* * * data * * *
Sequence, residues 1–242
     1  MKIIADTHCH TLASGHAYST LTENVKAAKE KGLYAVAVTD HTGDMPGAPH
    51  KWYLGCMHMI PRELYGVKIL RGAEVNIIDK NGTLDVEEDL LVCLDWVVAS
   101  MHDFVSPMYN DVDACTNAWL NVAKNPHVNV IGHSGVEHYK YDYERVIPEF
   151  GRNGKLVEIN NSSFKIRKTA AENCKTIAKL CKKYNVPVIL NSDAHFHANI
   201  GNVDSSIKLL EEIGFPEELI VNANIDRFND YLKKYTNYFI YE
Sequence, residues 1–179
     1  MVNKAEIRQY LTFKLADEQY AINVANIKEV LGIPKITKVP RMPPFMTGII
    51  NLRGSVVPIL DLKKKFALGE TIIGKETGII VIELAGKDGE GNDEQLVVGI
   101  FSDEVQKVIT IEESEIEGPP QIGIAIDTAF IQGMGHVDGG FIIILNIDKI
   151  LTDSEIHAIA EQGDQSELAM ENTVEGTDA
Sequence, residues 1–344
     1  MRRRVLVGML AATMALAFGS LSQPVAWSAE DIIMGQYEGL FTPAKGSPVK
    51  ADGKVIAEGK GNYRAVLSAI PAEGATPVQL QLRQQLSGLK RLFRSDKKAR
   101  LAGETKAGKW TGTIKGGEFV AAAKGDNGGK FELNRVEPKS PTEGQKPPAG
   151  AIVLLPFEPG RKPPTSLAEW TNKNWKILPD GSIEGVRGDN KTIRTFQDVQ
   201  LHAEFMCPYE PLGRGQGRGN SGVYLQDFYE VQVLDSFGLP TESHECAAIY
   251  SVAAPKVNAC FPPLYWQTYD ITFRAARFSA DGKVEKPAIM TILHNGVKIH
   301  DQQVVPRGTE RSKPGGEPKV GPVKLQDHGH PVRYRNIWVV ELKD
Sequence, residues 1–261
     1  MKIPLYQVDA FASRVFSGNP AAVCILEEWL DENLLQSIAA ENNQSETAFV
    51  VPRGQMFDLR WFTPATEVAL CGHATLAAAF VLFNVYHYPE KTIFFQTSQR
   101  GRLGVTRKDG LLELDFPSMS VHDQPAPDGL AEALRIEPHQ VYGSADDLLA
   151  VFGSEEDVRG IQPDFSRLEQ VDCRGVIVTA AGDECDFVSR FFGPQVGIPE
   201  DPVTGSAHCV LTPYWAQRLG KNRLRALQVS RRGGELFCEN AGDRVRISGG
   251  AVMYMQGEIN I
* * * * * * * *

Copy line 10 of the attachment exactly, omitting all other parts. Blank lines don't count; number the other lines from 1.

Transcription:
   101  FSDEVQKVIT IEESEIEGPP QIGIAIDTAF IQGMGHVDGG FIIILNIDKI